Red List Category
LC
Least Concern

Red List Criteria

Version
3.1

Year Assessed
2013

Assessor/s
NatureServe

Reviewer/s
Smith, K. & Darwall, W.R.T.

Contributor/s

Justification
Listed as Least Concern in view of the fairly large range extent, evidence of improved habitat quality and increasing populations, increased access to spawning habitat, and other favourable management in much of the range.
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Global Short Term Trend: Relatively stable to increase of 25%

Comments: Short-term trend is not well known but there is evidence that populations may be increasing in the core of the range.

Global Long Term Trend: Unknown

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Population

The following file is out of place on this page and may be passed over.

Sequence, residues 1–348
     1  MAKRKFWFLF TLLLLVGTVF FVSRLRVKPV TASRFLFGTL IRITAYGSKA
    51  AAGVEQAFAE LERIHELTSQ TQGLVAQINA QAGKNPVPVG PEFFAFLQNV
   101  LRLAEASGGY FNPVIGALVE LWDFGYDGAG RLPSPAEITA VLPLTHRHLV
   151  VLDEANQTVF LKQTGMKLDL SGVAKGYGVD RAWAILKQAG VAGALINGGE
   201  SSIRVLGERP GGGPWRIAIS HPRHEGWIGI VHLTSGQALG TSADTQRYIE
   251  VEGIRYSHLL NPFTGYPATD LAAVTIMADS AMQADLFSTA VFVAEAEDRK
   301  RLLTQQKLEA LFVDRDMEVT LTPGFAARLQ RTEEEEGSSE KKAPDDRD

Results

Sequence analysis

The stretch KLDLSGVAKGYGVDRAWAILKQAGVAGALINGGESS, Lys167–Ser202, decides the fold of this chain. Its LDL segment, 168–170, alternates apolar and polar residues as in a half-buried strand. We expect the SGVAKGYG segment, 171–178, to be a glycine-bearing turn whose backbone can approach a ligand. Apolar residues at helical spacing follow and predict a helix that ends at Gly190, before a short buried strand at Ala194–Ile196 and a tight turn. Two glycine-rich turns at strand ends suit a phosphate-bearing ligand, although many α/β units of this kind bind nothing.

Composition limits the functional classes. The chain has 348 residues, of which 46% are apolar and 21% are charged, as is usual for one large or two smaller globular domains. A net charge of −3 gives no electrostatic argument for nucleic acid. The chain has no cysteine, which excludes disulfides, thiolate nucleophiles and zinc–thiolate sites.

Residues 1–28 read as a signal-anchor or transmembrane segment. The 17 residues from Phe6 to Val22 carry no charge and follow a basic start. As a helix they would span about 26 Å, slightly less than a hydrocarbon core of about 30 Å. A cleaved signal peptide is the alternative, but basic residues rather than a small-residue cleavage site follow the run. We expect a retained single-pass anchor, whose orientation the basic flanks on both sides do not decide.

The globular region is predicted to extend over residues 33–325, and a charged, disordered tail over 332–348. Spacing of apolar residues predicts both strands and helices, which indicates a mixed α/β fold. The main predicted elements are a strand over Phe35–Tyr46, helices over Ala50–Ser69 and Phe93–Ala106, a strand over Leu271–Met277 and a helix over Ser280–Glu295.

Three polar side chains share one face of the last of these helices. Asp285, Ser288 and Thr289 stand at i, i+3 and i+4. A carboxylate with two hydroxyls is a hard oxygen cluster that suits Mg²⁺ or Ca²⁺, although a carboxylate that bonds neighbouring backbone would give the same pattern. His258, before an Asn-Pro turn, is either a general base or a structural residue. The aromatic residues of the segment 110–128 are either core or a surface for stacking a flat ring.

Population
This species is represented by a large number of freshwater occurrences (subpopulations).

Total adult population size is unknown but presumably exceeds 10,000; this is the least common of the Atlantic coast Alosa (Page and Burr 2011).

Short-term trend is not well known but there is evidence that populations may be increasing in the core of the range.

Population Trend
Increasing
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Threats

Comments: Although this species likely has been negatively affected by dams, water pollution, and other forms of riverine habitat degradation, no major threats are known at the present time, and management has improved habitat conditions for this and other anadromous herrings in many river systems.

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Major Threats
Although this species likely has been negatively affected by dams, water pollution, and other forms of riverine habitat degradation, no major threats are known at the present time, and management has improved habitat conditions for this and other anadromous herrings in many river systems.